is without exaggeration one of the most spectacular regions in Russia. It occupies the area of 470,000 sq. km, which equals the size of France, Belgium and Luxembourg combined, and separates the Sea of Okhotsk from the Pacific Ocean. One should not confuse Kamchatka with Siberia; this name is used for the peninsula itself and the closest part of the continent. The mountain ridges stretching from the north to the south give the peninsula the shape of a giant fish. There are more than 160 volcanoes on the peninsula (29 of them are active), due to the fact that it lies on the Great Pacific “ring of fire”.

Volcanoes and volcanic peaks, cyclones and underground heat created here a mixture of twenty climate zones and a great variety of flora and fauna. Here one can ski down snow covered mountain slopes to bathe in volcanic hot springs, go river rafting and rock climbing, see salmon spawning, watch geysers erupt and photograph sea lions in their natural environment. Fishing, hunting and photo safaris are also popular tourist activities. The weather is wet and cool, and although snow stays on the ground until May, the winters are not harsh. Kamchatka is also known for the amazing diversity and abundance of its wildlife. Sable, ermine, Siberian bighorn sheep, the Kamchatka brown bear, crab and, of course, salmon are all found in large quantities, although some species have become endangered due to over-fishing and hunting.

In the northern half of the peninsula, reindeer herds are kept by the Koryaks, one of the indigenous peoples of the area. They say that Kamchatka's industries can be divided into two categories: fishing and those that support fishing. Seafood is plentiful with crab, salmon and caviar being the main exports. During the spawning season, smoked salmon and red caviar can be found in every market and store. A land unique not only in its scenery and wildlife, Kamchatka differs from the rest of Russia in its people and attitudes. Perhaps due to its distance from Moscow (11,000 km) or to the effect of living under the shadow of active volcanoes (volcanoes have erupted here as recently as 1994), one finds in Kamchatka a sense of the frontier and an independent spirit, fierce even by Far Eastern standards.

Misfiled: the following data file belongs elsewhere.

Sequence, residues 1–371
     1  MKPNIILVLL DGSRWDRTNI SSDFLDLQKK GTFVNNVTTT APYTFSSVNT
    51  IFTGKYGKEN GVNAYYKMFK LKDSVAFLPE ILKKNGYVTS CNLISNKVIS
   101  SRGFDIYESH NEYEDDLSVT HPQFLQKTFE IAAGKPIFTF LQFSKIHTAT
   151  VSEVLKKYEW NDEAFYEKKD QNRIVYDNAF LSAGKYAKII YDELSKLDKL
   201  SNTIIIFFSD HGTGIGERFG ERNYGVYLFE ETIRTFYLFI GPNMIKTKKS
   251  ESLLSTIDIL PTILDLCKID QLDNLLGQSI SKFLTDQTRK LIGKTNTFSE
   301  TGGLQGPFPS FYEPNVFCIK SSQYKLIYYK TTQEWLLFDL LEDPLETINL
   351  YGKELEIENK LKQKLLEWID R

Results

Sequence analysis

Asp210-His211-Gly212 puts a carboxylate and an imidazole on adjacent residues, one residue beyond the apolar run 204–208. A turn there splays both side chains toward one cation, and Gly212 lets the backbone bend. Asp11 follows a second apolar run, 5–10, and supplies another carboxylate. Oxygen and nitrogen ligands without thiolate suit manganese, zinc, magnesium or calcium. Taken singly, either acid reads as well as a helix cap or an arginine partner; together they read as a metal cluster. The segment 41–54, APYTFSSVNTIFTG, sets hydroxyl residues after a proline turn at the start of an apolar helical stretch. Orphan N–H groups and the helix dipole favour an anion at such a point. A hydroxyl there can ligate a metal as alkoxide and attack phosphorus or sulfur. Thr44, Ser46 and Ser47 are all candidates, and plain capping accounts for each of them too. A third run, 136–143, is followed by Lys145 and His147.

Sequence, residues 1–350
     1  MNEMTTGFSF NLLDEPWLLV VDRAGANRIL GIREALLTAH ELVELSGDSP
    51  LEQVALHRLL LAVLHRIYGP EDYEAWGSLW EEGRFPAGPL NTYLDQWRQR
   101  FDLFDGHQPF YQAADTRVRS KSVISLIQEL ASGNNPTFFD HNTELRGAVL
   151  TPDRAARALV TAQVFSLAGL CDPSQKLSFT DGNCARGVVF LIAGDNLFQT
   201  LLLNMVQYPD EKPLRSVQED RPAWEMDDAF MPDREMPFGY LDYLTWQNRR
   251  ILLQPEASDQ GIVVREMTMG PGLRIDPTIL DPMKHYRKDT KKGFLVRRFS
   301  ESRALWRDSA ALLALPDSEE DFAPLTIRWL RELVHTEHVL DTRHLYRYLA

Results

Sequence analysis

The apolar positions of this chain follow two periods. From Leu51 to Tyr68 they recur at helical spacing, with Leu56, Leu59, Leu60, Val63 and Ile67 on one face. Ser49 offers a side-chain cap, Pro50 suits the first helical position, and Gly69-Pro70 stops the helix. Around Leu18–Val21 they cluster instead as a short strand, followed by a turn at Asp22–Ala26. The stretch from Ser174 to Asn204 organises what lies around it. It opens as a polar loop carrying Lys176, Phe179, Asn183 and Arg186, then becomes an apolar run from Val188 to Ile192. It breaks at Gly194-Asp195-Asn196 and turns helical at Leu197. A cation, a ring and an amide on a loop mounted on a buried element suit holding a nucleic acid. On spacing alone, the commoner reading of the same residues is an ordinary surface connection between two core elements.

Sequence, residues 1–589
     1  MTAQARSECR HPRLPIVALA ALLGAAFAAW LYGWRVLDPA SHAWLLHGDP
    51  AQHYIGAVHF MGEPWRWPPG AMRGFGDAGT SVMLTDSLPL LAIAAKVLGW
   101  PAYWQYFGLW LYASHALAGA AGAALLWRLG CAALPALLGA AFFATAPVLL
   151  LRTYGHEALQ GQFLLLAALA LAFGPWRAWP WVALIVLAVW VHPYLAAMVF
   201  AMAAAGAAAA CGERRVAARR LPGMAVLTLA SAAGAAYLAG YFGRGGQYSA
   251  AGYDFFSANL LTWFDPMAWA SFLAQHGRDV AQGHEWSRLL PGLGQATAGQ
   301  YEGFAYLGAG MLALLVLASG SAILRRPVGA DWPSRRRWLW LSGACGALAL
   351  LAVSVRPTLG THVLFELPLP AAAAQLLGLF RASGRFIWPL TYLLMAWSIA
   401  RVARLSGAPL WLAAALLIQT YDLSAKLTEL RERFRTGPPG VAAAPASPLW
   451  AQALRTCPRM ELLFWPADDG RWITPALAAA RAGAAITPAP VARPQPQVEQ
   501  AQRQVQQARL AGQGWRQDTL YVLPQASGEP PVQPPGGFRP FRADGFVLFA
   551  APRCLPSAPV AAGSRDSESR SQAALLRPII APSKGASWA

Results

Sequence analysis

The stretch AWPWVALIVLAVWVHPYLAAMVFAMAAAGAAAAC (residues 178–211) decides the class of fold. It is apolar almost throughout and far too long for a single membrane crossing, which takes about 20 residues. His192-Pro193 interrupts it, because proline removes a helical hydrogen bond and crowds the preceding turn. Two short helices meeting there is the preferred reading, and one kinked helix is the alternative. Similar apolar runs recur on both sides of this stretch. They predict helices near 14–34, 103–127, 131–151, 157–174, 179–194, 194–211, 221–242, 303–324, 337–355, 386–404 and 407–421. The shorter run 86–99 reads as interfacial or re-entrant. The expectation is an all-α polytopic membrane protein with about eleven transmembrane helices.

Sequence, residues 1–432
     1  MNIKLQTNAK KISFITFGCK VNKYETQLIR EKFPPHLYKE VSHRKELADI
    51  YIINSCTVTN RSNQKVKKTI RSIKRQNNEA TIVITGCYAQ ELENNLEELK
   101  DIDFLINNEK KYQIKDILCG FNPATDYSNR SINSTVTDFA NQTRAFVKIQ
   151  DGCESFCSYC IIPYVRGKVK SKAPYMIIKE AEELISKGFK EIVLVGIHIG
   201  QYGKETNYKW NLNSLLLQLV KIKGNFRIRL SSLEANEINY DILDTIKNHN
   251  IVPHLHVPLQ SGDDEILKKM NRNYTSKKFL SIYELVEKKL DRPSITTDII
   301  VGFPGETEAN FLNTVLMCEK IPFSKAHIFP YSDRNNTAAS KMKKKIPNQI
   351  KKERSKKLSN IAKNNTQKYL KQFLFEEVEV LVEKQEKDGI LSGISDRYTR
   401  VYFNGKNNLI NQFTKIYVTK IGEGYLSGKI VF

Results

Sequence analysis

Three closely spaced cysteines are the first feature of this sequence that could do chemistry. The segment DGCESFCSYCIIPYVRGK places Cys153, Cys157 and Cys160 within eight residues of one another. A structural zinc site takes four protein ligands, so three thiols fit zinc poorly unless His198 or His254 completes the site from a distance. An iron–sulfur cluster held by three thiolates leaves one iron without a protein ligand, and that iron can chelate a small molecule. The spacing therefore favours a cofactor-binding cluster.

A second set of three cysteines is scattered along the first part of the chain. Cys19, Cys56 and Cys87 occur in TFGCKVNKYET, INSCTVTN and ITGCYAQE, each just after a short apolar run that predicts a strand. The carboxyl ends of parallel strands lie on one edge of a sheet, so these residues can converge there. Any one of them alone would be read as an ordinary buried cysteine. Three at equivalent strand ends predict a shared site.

Kamchatka was discovered by the Cossack, Vladimir Atlasov in 1697 who built two forts on the Kamchatka River, which became Russian trading camps. The native Koryak, Itelmen, Chukchi and Evens tribes were beaten down by these traders, and their population greatly diminished. Out of the few that remain, the Chukchi live in the northeast, Evens are in the central part of the peninsula and the Koryaks live on the west coast. They still live by traditional reindeer herding and sea fishing, which provide both food and clothing, and still preserve their culture and traditional lifestyles, which is the reason why one of the most remote regions is visited by so many people every year. Until the late 19th century, when the Imperial lands in Alaska were sold, Kamchatka was considered to be the least hospitable place in the Russian Empire. Nobody bothered visiting the region as it took six months to get there - only to face vast wilderness and a diminishing supply of fur. Around 1920, it nearly ended up in American hands.

Washington Baker wanted to buy the province and was offered a 60-year concession by Lenin, but they couldn't agree on a deal. Until 1990, no foreigners or nonresident Russians were allowed to visit. In 1991, the Russian Federation was established as an independent republic and Kamchatka was opened for visiting by foreign guests. The main settlement of the peninsula and the capital of Kamchatka Region is the city of Petropavlovsk-Kamchatsky. The city is located on the southeastern shore of the Kamchatka Peninsula.

Petropavlovsk's streets wind around green volcanic hills where city residents still pick berries and mushrooms. Covered with white snow, the peaks of the volcanoes rise over them. And there are eternal moorage ribbons going along the Avacha Bay. With a population of about 240,000 people, Petropavlovsk-Kamchatsky is an important port as well as a center of industry, science and adventure tourism.